Patients with mild ILD may be asymptomatic during the early stages of the disease. As the extent of pulmonary fibrosis increases, patients often report fatigue and dyspnea on exertion, and physical examination may find dry “velcro” crackles at the lung bases. Of note, patients with PAH may also have exertional dyspnea and fatigue, and the clinician must keep both entities in mind when evaluating an SSc patient for dyspnea. Dry cough is often present and may correlate with DLCO and dyspnea. In the Scleroderma Lung Study, cough severity improved in patients treated with cyclophosphamide, but these improvements disappeared after 2 years of follow-up.




Imaging findings


HRCT plays an important role in determining the pattern and extent of involvement of ILD in SSc patients. The most common pattern seen on HRCT is nonspecific interstitial pneumonia (NSIP), although usual interstitial pneumonia (UIP) can also be seen in 25% to 40% of cases. The NSIP pattern on HRCT is evident by ground glass opacities in a peripheral distribution with subpleural and basilar predominance ( Fig. 2 A). In more severe disease, volume loss with a reticular pattern and traction bronchiectasis can also be seen. In UIP, HRCT findings include reticulonodular opacities, traction bronchiectasis, and honeycomb cysts (see Fig. 2 B). A normal chest computed tomography scan at baseline is generally reassuring; in one study, 85% of SSc patients who had a normal HRCT at baseline still had a normal HRCT at 5 years.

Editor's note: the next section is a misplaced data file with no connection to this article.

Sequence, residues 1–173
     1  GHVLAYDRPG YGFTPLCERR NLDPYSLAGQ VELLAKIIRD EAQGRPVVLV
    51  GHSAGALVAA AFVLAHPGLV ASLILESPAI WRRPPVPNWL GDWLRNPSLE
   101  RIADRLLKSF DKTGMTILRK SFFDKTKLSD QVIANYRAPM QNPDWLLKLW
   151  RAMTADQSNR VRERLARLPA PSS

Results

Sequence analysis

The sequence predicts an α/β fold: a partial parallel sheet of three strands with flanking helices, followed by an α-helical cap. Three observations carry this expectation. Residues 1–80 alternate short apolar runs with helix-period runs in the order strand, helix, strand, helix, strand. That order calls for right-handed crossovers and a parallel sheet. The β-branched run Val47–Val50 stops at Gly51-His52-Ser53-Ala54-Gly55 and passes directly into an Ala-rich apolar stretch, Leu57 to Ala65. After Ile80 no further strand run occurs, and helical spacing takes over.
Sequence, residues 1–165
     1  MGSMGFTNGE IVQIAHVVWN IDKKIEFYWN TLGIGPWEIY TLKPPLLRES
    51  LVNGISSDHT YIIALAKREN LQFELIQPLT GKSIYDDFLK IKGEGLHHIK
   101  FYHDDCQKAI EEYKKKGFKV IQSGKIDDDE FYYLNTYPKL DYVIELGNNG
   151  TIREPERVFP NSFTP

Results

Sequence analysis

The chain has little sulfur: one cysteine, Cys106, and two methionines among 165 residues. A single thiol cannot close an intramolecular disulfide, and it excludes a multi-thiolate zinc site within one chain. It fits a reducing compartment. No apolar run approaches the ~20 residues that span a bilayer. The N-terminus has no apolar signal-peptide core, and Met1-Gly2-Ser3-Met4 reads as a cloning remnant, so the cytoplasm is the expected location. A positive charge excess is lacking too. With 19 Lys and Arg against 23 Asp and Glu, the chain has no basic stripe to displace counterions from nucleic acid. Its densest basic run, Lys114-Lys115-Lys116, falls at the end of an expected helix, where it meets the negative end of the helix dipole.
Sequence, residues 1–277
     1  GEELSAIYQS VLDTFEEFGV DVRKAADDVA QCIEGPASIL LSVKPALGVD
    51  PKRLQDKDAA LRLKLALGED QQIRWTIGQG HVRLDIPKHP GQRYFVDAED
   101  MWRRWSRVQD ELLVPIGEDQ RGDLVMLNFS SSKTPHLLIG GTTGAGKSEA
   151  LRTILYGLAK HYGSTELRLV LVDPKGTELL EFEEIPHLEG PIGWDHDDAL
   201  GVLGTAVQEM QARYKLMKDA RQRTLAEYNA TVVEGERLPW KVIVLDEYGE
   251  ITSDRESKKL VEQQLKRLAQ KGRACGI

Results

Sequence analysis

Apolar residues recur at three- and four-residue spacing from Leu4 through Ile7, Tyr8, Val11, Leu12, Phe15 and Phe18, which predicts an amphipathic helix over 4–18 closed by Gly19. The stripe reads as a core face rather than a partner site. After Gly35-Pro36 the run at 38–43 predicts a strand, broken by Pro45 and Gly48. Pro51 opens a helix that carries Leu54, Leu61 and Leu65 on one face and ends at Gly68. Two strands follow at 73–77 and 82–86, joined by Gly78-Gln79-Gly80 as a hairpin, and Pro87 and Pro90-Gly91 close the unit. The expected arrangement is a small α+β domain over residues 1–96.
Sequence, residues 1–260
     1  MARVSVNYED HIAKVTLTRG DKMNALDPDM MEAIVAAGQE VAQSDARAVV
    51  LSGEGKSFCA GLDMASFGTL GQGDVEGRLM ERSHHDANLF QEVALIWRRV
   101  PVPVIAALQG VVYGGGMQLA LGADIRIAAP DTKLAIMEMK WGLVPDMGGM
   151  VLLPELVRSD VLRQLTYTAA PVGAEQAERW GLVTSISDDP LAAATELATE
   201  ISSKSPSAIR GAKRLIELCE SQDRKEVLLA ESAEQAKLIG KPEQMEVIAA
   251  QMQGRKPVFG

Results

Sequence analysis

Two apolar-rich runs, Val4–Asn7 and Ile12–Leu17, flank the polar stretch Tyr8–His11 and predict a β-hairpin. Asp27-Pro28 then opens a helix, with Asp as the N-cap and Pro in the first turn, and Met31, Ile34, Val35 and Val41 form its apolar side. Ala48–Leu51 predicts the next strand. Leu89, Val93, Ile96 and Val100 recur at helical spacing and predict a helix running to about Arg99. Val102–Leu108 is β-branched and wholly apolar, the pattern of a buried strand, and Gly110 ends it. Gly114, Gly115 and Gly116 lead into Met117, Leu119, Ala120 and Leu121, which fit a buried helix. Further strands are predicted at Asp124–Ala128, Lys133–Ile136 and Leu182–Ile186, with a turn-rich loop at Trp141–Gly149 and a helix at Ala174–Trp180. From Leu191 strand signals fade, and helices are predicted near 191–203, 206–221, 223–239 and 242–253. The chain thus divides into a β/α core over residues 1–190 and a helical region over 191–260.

Fig. 2


Representative radiographic findings on high-resolution computed tomography. ( A ) Subpleural ground glass opacities ( white arrows ) and traction bronchiectasis consistent with nonspecific interstitial pneumonia, and ( B ) Honeycombing ( black arrow ), bronchiectasis, and ground glass opacities suggestive of usual interstitial pneumonia.




Pulmonary function tests


PFTs are a key component in the diagnosis and long-term follow-up of SSc-ILD. The FVC and DLCO are important parameters for the assessment of lung function in SSc patients, and the FVC can help stratify patients for treatment. Reduced DLCO is sensitive for early ILD but can also be an indicator of pulmonary hypertension and needs to be interpreted in the context of the overall lung volumes. FVC and DLCO should be greater than 80% predicted to be considered normal. In a study of 890 SSc patients who had PFTs, 60% had no or minimal restrictive disease (FVC >75%), 27% had moderate disease (FVC 50%–75%), and 14% had severe disease (FVC ≤50%). Both FVC and DLCO are prognostic factors in patients with SSc-ILD. Among 80 patients who underwent lung biopsy for SSc with fibrosing alveolitis, lower initial DLCO and FVC were associated with mortality.


In general, the authors recommend close clinical follow-up of SSc patients to monitor for a change in cardiopulmonary symptoms, usually every 3 to 6 months. In the absence of a clinical change, PFTs should be done annually. If there is progression of symptoms, such as dyspnea or cough, PFTs should be done every 6 months and should be followed with an HRCT if there are abnormalities on the PFTs. Others have suggested that HRCT be performed in all SSc patients as a screening examination and, if mildly abnormal, be followed by PFTs every 3 to 6 months. Both HRCT and PFTs are well-accepted methods for the diagnosis of SSc-ILD, with 100% and 99% consensus among 117 SSc experts for the use of HRCT and PFTs, respectively. The first 5 years after diagnosis of SSc are critical for the development of ILD, and patients should be monitored closely during this time. The clinician should also keep in mind the role that gastroesophageal reflux (GER) may play in worsening fibrosis and clinical symptoms. Patients with SSc-ILD are found to have more severe GER than SSc patients without ILD, and this may contribute to worsening respiratory symptoms.